If there was a modern-day British version of the Faustian pact it would probably resemble the deal that the ruling party of the day (whether Labour or Conservative) does with Rupert Murdoch who owns some of the country’s most powerful media outlets including Sky TV, The Times, The Sunday Times, the News of the World and — most important of them all — the sensation-mongering Sun. As the country’s largest-selling newspaper which both reflects and presumes to shape white working class opinion it is seen by political parties as a useful ally to have while chasing “grassroots” votes.
In the run-up to every general election it has become a ritual for Labour and the Tories to try and outdo each other in courting the Sun — willing, Faust-like, to mortgage their soul to get its support. On the eve of 1997 elections, Tony Blair famously flew half way round the world to meet Mr. Murdoch to seek his blessings. And, lo and behold, within days the Sun was shining on him — switching support from the Tories to New Labour enabling the paper, later, to claim credit for the party’s landslide victory.
In return for its backing, Mr. Blair effectively hypothecated his government’s policies to the Murdoch press. Much of his Europe agenda, especially the decision to drop the election pledge of a referendum on joining the euro, was driven by his deal with Mr. Murdoch. The Sun’s signature was writ large on many of Mr. Blair’s domestic policies as well, notably his tough (and often) abusive rhetoric on immigration and Muslim extremism. It is widely believed that even the decision to invade Iraq was first cleared with Mr. Murdoch.
In addition, the Murdoch newspapers were pampered by feeding them with exclusive stories with the Sun memorably “scooping,” in 2004, the report of the Hutton inquiry into BBC’s allegation that Downing Street “sexed up” intelligence to justify invasion of Iraq. (The inquiry absolved the government of any wrongdoing and heavily criticised the BBC.) There was a joke at the time that if the Pope and the Sun’s then political editor Trevor Kavanagh were both waiting to see Mr. Blair, he would first ask for Mr. Kavanagh to be sent in!
Twelve years later, in the run-up to another crucial election, the Sun has done a 180-degree turn and switched its support back to the Tories after their leader David Cameron persistently wooed Mr. Murdoch. The ditching of Labour has been followed by a series of highly personal attacks on Prime Minister Gordon Brown, including cheap shots at his poor eyesight which has badly affected handwriting. Through much of last week, the Sun’s front-page was dominated by Mr. Brown’s “error-strewn” letter to the mother of a young soldier killed in Afghanistan. In the end, though, the attacks became so crude that the paper’s own loyal readers turned against it forcing it to admit that it misread the public mood.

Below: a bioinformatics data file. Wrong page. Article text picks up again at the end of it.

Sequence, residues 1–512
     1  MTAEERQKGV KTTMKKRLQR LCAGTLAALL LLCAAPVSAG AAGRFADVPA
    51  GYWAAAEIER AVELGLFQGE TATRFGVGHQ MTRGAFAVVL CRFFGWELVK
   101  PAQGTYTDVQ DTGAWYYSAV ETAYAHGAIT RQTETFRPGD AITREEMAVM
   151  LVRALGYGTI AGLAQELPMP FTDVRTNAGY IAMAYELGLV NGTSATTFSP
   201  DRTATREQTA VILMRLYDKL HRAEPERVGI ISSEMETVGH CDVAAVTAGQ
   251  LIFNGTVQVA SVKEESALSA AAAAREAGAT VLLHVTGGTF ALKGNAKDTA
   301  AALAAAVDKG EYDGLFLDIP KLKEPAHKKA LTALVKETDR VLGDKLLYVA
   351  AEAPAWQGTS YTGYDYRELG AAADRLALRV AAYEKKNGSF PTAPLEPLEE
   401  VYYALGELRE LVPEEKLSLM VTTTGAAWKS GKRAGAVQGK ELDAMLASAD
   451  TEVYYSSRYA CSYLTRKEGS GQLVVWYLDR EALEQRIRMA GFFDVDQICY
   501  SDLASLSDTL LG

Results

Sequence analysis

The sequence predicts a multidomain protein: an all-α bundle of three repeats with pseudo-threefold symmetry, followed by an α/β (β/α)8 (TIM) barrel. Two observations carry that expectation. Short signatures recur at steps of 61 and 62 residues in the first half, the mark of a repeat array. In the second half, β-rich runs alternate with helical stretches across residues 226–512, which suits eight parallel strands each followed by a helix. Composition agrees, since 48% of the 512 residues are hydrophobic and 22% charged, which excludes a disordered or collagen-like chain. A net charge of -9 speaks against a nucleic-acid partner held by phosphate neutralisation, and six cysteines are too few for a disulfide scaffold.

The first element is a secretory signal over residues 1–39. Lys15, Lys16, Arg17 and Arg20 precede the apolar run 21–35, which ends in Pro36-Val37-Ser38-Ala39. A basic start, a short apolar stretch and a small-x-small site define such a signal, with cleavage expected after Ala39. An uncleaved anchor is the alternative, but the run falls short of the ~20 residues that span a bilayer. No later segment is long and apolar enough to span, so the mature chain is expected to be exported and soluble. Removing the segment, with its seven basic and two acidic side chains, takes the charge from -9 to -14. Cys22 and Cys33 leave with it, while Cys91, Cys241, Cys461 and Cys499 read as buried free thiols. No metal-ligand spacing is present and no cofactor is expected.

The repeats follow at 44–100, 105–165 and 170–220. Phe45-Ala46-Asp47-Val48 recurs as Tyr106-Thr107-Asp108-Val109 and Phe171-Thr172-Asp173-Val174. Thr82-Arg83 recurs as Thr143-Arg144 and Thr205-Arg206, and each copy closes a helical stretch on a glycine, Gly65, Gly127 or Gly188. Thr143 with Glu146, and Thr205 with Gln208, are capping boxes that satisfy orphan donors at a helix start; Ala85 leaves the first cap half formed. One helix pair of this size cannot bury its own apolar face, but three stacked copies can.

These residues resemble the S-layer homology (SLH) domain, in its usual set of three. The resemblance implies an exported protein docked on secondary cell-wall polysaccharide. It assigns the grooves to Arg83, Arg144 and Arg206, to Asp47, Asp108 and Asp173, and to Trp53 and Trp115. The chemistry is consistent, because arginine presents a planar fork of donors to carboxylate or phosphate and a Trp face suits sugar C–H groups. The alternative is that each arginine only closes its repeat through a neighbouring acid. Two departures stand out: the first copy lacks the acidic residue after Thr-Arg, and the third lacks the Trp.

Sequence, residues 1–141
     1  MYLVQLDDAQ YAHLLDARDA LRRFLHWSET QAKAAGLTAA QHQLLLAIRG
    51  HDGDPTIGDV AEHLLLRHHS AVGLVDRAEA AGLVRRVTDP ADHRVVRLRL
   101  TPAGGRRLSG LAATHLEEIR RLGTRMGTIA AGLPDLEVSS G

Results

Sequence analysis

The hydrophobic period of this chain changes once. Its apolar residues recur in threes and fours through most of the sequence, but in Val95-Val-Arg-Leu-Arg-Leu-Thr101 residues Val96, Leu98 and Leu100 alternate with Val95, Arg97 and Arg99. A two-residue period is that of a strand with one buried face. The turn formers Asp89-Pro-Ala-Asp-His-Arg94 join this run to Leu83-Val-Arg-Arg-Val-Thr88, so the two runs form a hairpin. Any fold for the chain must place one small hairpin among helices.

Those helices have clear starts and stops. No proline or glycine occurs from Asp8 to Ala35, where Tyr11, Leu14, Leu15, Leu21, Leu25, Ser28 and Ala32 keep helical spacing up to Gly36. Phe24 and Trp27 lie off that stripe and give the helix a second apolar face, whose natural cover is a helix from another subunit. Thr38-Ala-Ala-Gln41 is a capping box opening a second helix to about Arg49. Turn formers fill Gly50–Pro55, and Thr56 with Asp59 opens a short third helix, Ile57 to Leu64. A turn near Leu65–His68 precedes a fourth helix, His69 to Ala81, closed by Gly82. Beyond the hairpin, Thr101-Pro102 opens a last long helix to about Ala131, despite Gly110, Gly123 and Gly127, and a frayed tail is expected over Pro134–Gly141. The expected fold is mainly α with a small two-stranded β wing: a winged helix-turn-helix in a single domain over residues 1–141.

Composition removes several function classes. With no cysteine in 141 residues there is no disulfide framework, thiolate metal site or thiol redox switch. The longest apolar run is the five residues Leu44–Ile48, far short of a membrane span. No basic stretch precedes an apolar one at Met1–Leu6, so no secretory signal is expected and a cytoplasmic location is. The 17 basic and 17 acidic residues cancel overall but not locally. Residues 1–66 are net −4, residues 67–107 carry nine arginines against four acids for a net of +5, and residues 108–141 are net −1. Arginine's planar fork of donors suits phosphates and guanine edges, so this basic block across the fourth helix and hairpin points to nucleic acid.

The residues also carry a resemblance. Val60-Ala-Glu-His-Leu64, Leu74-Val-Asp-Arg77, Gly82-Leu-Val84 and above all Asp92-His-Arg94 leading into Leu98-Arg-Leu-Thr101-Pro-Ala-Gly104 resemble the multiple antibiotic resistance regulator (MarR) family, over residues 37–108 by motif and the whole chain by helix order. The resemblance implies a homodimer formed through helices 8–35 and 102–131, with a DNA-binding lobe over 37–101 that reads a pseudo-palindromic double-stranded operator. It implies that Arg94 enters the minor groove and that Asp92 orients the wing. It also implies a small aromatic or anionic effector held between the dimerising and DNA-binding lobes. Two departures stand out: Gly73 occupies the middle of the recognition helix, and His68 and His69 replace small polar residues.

Downing Street tried to play down a private telephone conversation between Mr. Brown and Mr. Murdoch over the row but, ironically, ended up confirming what one commentator described as the “successive [British] Prime Ministers’ …worst-kept dirty little secret” — namely that they keep in regular touch with Mr. Murdoch. Offering an unintended glimpse of Downing Street’s cosy relationship with the media magnate an official spokesman said: “He has regular communications with Rupert Murdoch… There is nothing unusual in the Prime Minister talking to Rupert Murdoch.”
Meanwhile, there is much speculation about what the Sun has been promised by Tories in return for its support. The Murdoch empire’s wish-list was publicly laid out in a widely discussed speech recently by Mr. Murdoch’s son James, Chairman and Chief Executive of his News Corporation. It included curbs on BBC’s expansion and licence fee (BBC, you see, is Sky’s main competitor); abolition of the media regular Ofcom; and a more friendly regime for pay channels such as Sky.
On all these counts, the Tories’ response has been “yes, yes, and yes” with Mr. Cameron promising to freeze the BBC’s licence fee, cut Ofcom down to size and abolish unnecessary regulation. Having been there and done it themselves, Labour ministers know what they are talking about when they talk of a “deal” between the Tories and the Sun.
Business Secretary Peter Mandelson who — with Mr. Blair and his spin doctor Alastair Campbell — was instrumental in getting the Sun to back New Labour in 1997 must have had his party’s own experience in mind when he told BBC: “What the Sun can do for the Conservatives during the election is one part of the contract and, presumably, what the Conservatives can do for the News International (the Murdoch company which owns the Sun) if they are elected is the other side of the bargain.”
Critics say that politicians — too lazy to try and connect directly with the people — have allowed themselves to fall for the Sun’s grossly exaggerated claims about its influence on voters. They point out that in 1997, New Labour was in such a strong position that it would have won anyway, even if the Sun had opposed it. This time, too, the wind had been blowing in the Tories’ favour long before the Sun declared its support.
The fact is that it is the Sun which, sensing the public mood, has the habit of attaching itself to the potential winner. Perhaps it would have been easier to call its bluff had it not been part of the larger Murdoch media monopoly which has enough nuisance value to make life of any government difficult. And that’s the secret of the power of “Murdoch factor” in British politics.